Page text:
In the second instalment of a new series, Dean Chalkley talks authenticity, why having fun making pictures is important to him, and how post-processing is a means to an end
English photographer and filmmaker Dean Chalkley (represented by Lo And Behold) has a reputation for being one of the nicest guys in the industry, and when he answers the phone, within seconds his infectious energy and charisma pour out. He barely pauses for breath during our hour-long call and peppers the conversation with lively anecdotes and colourful analogies.
Over the past twenty years, Chalkley has built a reputation as one of the finest and most respected photographers of music and culture. He has photographed everyone from Daft Punk to Simon Cowell, Scarlett Johansson, Oasis, Jarvis Cocker, and The Cure, and shot for brands including Levi’s, Ray-Ban, Sony Music, and Adidas. Just the other week he was photographing DJs for the BBC, he says, and recently he published a book of his work, One.
Chalkley wanted to be a fashion designer, but studied photography at Blackpool and Fylde College before shooting for Dazed and Confused magazine in the 90s. He still regularly shoots editorial, most recently for ShortList, the Observer Magazine, and ES Magazine, and he waxes lyrical about the recently relaunched magazine, Jocks and Nerds, for which he has been shooting. “I get quite excited about things still,” he laughs. “I just want to present stuff I find interesting that I hope others will too… It’s about these moments where you think, ‘this is really fun and rewarding, we’re doing something creative here and enjoying it’.”
At college Chalkley learnt how to develop negatives and make prints, and while he came up through the ranks using film, digital photography inevitably caught his eye. He noticed a shift in the industry in terms of client expectations, he says, and found himself intrigued by the creative possibilities of a digital workflow. Crucially, working digitally allowed him to see what he was shooting, which boosted the creative dialogue with his subjects. “There will be times during a shoot when I look [at the images] and we talk about what we’re doing,” he says. “You have to be able to use the tools and know where you’re heading, but also allow yourself to be free.”
For Chalkley, it’s about having the best software at his disposal. For him, as for most photographers, he says, Adobe Photoshop is an incredibly powerful part of his workflow. “Before Photoshop was acknowledged in the way it is today, there were a few [post-processing] systems about, but then Photoshop really came through [and has become] a very important tool for photographers… It’s about being logical, looking and thinking, ‘what’s going to help me deliver my message?’”
Using the software ensures his workflow is built on solid foundations, he adds – crucial in order for a photographer to work consistently and to be confident about the work he or she is producing. “Technology is a beautiful thing that enables you to explore unknown territories in your mind, but stability is important.” And he is upbeat about Creative Cloud saying it is a good thing because it has “brought together Photoshop and Lightroom with Adobe Illustrator, Premiere Pro, and InDesign into one creative community”.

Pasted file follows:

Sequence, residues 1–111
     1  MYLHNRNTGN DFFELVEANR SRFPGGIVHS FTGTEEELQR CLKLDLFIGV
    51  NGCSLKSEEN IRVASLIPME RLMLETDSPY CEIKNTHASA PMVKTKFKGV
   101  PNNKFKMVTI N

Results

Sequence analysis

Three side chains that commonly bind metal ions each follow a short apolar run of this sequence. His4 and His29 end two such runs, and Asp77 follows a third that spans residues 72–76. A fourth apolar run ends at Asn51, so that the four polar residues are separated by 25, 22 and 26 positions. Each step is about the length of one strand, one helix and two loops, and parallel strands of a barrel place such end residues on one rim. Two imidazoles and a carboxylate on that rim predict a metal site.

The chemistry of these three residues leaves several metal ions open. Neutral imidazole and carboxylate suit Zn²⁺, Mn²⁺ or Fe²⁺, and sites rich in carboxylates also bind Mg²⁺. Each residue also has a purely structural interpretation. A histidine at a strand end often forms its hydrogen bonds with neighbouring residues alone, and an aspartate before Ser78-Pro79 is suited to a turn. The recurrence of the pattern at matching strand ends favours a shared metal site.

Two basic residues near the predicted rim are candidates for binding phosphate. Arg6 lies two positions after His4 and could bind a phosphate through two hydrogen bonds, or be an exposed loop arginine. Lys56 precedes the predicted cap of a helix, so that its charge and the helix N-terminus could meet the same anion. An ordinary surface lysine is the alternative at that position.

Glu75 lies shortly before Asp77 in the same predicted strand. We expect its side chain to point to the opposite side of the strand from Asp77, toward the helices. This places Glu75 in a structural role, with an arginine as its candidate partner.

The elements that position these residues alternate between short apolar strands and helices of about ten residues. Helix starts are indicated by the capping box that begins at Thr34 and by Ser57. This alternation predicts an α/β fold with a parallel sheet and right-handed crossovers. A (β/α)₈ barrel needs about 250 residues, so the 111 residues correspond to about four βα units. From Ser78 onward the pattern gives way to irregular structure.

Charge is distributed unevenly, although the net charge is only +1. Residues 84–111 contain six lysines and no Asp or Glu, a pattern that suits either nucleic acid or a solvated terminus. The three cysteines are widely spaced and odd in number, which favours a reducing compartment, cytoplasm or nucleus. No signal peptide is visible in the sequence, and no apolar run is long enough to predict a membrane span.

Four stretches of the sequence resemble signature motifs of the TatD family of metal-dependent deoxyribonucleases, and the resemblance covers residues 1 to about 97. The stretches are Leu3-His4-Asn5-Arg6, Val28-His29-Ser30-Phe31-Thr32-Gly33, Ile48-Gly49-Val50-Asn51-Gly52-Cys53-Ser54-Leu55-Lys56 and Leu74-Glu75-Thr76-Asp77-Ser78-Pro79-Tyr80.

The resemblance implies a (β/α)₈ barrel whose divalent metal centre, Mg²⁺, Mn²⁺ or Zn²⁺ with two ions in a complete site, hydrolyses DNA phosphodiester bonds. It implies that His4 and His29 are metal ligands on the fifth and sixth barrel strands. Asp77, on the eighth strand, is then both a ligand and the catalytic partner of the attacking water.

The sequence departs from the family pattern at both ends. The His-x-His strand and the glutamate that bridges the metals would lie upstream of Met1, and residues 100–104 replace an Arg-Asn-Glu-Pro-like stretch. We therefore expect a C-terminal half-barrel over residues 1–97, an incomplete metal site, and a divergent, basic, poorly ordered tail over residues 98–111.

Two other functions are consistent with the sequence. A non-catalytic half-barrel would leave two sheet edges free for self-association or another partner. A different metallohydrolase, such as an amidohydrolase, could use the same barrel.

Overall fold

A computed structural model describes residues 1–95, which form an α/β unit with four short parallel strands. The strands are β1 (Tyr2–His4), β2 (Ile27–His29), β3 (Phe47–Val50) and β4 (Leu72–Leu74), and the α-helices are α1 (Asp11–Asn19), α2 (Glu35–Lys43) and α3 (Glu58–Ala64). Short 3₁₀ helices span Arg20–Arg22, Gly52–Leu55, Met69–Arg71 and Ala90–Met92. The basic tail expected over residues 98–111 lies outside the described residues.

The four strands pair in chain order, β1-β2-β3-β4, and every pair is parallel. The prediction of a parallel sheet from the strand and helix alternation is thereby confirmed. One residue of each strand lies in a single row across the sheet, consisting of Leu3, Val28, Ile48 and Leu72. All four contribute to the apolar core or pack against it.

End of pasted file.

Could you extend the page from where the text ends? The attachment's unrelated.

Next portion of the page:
Quite often Chalkley will work with a retoucher, but says he also enjoys working on his images in post. When he does work with retouchers, he’s really hands-on and guides the process. “I’ll always have a dialogue, whether I’m sitting next to the retoucher or exchanging emails. I’ll mark up the images and together we’ll refine them.”
Most important, he says, is for the images to not look overly retouched. “The best retouching for me is the stuff you can’t see,” he says. “I want the viewer to feel what I’m trying to express through the picture. There might be a base tone introduced that makes you feel a particular way, to [create] a mood or atmosphere.” He uses his personal project The Return of the Rudeboy as an example, the aim being to give the images a “Kodachrome feel [which is] a beautiful film that has depth to it.”
Ultimately for Chalkley, post-processing is about bringing out what he saw and captured at the time. “I imagine how the shot will look, but use the post side of things to amplify or tune it even more. It can take the image into a more dramatic place, but at the same time can be subtle… We are living in a period of ultimate choice, and it’s different strokes for different folks, [but] everything is valid.”
Like Chalkley says, post-production is a support mechanism to help you deliver a message. As in Chalkley’s work, this makes tools like Adobe Photoshop and Lightroom an integral and powerful part of a photographer’s workflow. Check out Adobe Learn, a resource center by Adobe providing a rich source of information that will help you create, from getting started as a beginner to refining and improving your craft and workflow as an expert.
The Return of the Rudeboy: The Filmic Aesthetic
Chalkley’s personal project The Return of the Rudeboy, with creative direction from Harris Elliott, explores the resurgence of the ‘Rudeboy’ vintage style. The selection of images below show how he has used post-production to achieve a vintage effect inspired by the look and feel of the much-adored, and now discontinued, film Kodachrome.
Tailoring Post-Production To The Subject Matter
Chalkley also uses post-production on his commercial work in a similar vein, by amplifying what’s already there and matching the aesthetic to the personality of the sitter and the context of the shoot. Like Chalkley says above, “I want the viewer to feel what I’m trying to express through the picture. There might be a base tone introduced that makes you feel a particular way, to [create] a mood or atmosphere.” See a selection of Chalkley’s commercial work below:
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